In this new book released by Dog Ear Publishing, history buffs can learn about the life and often turbulent times of the Reverend James Craig –– a parish parson for the early Anglican Church in America and a Revolutionary War patriot.
An 18th-century Anglican minister’s dedication to both patriotism and his religion had lasting effects in Virginia and on the church that reverberate to this day. In this new book, author Cynthia Mattson uses her command of detail to describe the life and times of the Reverend James Craig, a clergyman in Cumberland Parish in Lunenburg County. Craig was a major player as the drama of religion and revolution unfolded over the course of his 36-year career in Virginia’s southern Piedmont. How he met the challenges of war and politics would go on to shape his church and community for years to come.
James Craig, Patriot Parson: An American Story of Religion and Revolution paints a portrait of an intellectual and enterprising man devoted not only to God and the established church but also to the prosperity of the land on which he lived. In his time and place, that meant the minister was also a wealthy landowner and slaveholder. When war came and British troops discovered that Reverend Craig was operating his thriving gristmill as a supply depot for American troops, raiding enemy legions burned the mill to the ground, laid waste to the parson’s lands, and made him a prisoner. These shocking and life-threatening events in turn made Craig an American hero. This richly detailed account also features another dimension to the parson’s life –– his role as a wealthy plantation owner and slaveholder in tobacco-rich Virginia. It would be almost a century before the contradiction between America’s fervor for freedom and the economics of slave labor would erupt in another war, a civil one that led to the loss of life and lands for Craig’s descendants.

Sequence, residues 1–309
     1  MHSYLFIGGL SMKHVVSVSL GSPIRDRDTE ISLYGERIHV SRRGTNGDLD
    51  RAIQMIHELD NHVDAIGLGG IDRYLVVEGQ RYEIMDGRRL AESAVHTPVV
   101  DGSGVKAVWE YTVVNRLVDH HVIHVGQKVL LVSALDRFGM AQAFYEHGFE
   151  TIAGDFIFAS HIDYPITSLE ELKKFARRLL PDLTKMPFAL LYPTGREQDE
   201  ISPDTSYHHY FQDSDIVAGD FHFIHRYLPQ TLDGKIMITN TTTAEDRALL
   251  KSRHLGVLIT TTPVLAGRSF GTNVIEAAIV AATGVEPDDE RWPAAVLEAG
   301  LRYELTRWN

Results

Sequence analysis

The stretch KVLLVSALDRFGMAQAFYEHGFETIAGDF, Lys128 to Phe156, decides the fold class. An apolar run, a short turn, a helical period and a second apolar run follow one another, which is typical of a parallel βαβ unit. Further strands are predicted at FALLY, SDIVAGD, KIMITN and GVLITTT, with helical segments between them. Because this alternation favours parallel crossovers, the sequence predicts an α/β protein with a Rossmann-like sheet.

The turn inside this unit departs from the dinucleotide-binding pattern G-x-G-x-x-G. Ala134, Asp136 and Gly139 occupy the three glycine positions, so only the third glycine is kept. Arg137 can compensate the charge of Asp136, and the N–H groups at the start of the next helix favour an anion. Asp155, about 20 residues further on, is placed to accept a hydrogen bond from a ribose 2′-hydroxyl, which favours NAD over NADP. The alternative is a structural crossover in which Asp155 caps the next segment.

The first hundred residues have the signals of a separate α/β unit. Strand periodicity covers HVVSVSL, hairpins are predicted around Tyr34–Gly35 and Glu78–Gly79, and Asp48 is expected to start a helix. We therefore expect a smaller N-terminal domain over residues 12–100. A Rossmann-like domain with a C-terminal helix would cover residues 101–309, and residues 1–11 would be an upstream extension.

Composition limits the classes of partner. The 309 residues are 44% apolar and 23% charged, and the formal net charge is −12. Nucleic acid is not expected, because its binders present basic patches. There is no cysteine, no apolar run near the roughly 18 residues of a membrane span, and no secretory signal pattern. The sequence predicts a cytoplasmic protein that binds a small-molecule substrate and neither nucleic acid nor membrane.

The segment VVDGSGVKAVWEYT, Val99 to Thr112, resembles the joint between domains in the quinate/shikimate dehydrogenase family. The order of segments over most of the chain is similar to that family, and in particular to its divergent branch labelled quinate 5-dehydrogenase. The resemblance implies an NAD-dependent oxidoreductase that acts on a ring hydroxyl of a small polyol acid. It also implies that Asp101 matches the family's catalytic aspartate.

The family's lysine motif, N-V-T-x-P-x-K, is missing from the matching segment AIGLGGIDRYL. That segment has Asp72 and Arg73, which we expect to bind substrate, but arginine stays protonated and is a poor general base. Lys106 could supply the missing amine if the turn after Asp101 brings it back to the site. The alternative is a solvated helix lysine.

But for Reverend Craig himself, the fight for freedom from tyranny, led by the work of such public figures as Patrick Henry, James Madison, and Thomas Jefferson, meant the eventual demise of the established Anglican Church in Virginia. As newly independent legislatures wrestled with separating church from state in the pursuit of religious freedom for all, Craig helped create a place for his beloved religion in the newly formed Protestant Episcopal Church. James Craig, Patriot Parson draws on volumes of historical material to tell this many-sided story and offers readers a wealth of illustrations, including maps, drawings, photographs, and images of paintings and 18th-century documents.
Author Cynthia Mattson worked for the federal government during her nearly 30-year career as a trial lawyer. Mattson, who has lived in Arlington, Virginia, since 1972, earned a bachelor’s degree from Michigan State University and a law degree from Columbus School of Law at the Catholic University of America. She is a member of the Virginia and District of Columbia bars, the United States Tax Court, the Virginia Historical Society, the Lunenburg County Historical Society, and the Arlington Historical Society. Mattson’s husband, Kendall Craig Jones, is a direct descendant of the Reverend James Craig. They have four children.
For additional information, please visit www.PatriotParson.com.
James Craig, Patriot Parson: An American Story of Religion and Revolution
ISBN: 978-1-4575-2190-4 484 pages Hardcover $25.95 US
ISBN: 978-1-4575-2171-3 484 pages Paperback $15.95 US
Available at Ingram, Amazon.com, Barnes & Noble and fine bookstores everywhere.
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